* Posts by Nigel 11

3206 posts • joined 10 Jun 2009

Would you let cops give your phone a textalyzer scan after a road crash?

Nigel 11

Indeed, it's likely that the second thing you do after a crash is to whip out your phone and call for help. This law would make people reluctant to use their mobile phones right after a crash, which would inevitably cost lives.

Oh for heaven's sake! What policeman, prosecutor or juror would believe that someone was on the phone to the emergency services immediately *before* a crash, without any good cause? On top of which the emergency services record all communications, so the entire exchange would be available to dispel any remaining doubt. Indeed, the most likely use of such a call would be to establish a more precise time-line.

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Nigel 11

Re: One issue....

@BebopWeBop

So would you ban drivers from conversing with passengers? IMO that has to be the baseline level of acceptable driver distraction. If talking to passengers is acceptable, so should talking to the car.

It's surely obvious that a driver who has his eyes focussed on a mobile's screen is blind to whatever is happening on the road in front of him, as surely as if he has a cloth over his eyes. That is an unacceptable and trivially reducible risk. If you want to use your phone hands-on then pull off the road.

The difference may show up if the nature of the accidents (in a simulator!) were compared. I expect it would show that vocal distraction results in an increased rate of minor "fender-bender" collisions, whereas hands-on use of a phone to text results in an increased rate of potentially fatal smashes into stationary or oncoming vehicles at full road speed.

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Nigel 11

You seem to have an attitude problem, where you ought to have a dash-cam.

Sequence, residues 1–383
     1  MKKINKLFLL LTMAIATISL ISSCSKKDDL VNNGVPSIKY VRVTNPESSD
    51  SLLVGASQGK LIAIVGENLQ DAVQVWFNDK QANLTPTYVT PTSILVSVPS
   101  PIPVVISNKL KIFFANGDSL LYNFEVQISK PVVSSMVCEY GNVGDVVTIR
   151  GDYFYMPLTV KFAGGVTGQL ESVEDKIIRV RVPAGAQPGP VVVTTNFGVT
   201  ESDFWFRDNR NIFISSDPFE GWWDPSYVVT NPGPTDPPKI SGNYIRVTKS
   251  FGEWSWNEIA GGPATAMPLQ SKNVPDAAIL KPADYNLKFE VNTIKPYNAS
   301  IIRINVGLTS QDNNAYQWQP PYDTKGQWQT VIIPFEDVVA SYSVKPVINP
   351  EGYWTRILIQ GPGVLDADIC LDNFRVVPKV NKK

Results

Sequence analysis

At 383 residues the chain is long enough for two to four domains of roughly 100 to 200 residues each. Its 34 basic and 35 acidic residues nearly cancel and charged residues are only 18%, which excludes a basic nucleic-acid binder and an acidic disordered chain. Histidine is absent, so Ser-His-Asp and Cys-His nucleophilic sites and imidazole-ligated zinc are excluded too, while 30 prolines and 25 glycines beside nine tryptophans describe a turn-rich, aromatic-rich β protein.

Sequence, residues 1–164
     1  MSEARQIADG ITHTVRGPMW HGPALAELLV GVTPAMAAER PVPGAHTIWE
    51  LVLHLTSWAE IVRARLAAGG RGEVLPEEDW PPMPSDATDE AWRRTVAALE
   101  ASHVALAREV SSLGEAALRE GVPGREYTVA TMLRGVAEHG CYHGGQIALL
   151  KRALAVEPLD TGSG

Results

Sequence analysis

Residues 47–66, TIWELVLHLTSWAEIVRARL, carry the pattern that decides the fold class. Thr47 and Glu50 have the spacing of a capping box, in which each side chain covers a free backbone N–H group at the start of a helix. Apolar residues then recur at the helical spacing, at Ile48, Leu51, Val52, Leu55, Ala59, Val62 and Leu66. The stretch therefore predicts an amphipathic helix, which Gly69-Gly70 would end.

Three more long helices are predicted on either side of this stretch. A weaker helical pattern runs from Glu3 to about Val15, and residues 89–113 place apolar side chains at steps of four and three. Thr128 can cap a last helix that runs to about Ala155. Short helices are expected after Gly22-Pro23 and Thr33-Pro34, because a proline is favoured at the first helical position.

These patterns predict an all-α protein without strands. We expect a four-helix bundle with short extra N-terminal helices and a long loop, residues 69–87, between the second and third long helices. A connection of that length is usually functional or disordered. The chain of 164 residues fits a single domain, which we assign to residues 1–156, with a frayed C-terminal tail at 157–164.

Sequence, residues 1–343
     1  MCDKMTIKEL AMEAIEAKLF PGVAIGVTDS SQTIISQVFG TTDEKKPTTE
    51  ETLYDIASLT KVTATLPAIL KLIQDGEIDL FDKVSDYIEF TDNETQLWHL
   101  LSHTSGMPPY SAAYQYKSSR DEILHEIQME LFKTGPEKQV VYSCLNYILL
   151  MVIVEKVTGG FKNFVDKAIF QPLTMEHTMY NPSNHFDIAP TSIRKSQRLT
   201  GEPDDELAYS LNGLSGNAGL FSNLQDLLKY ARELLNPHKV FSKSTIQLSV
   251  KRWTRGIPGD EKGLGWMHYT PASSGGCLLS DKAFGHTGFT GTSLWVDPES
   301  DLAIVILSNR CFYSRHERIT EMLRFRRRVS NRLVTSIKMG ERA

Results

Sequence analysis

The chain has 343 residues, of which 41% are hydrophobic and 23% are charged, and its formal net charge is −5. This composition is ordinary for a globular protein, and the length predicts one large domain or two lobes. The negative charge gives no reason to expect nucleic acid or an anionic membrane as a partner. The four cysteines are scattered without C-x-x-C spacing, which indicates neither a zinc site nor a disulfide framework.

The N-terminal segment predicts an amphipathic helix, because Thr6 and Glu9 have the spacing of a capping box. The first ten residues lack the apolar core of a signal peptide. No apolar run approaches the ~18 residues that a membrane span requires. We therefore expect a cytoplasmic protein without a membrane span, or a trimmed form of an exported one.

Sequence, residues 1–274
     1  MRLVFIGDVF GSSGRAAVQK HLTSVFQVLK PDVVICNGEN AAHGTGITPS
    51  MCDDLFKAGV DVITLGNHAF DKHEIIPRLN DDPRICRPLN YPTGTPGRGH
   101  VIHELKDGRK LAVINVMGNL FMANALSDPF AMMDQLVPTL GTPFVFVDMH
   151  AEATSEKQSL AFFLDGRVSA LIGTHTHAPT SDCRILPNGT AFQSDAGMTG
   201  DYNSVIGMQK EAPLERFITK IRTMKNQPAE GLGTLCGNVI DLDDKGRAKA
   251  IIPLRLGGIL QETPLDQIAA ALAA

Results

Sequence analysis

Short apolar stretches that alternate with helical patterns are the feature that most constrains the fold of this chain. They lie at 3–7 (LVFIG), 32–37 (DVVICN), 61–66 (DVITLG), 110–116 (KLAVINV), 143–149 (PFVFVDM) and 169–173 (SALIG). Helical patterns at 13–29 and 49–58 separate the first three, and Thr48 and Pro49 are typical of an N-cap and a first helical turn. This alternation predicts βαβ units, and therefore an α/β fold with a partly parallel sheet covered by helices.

I can protect myself from idiots such as you describe by not trusting the signals of other road users in front of me to such an extent that I cannot do any emergency avoidance if the signals are wrong. It's called defensive driving and ISTR it's recommended in the highway code.

I cannot protect myself from a driver who runs into the rear of my car at high speed because he is not looking at the road in front of him. Especially so if I am riding a bicycle, moped, or horse. Which is why I think the law ought to come down far harder on text-drivers (harder even than slightly drunk drivers; their reaction time may be degraded, but in most cases they'll at least have slowed their car before impact)

Oh, and I really cannot believe that you have never mis-signalled yourself. Perhaps in a hire-car in a foreign country, with the indicator stick on the other side of the wheel to where you were expecting? Fault is not black and white. Most air accidents are found to be the result of several items of less than fatal bad luck or malpractice, all fatally coinciding. A few are purely bad luck. You don't usually have to worry about prosecuting the pilot. He's dead. But he rarely deserved more than a reprimand and the opportunity to learn from his error. That's why there is mandatory reporting of near misses, and a similar analysis of what caused them. Motoring fines and the license points system (UK) ought to do something similar for motorists.

I once drove through a red light and was hauled over by the police (they let me off with a good talking-to). The cause was that I was in a blazing row with my soon-to-be-ex. I've learned my lesson. I'll never again get into a row while driving -- I'll put it off or pull over. I thank that policeman for using his discretion.

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Nigel 11

Re: Simple

Mandatory dash cam pointed at the driver. You wouldn't allow that.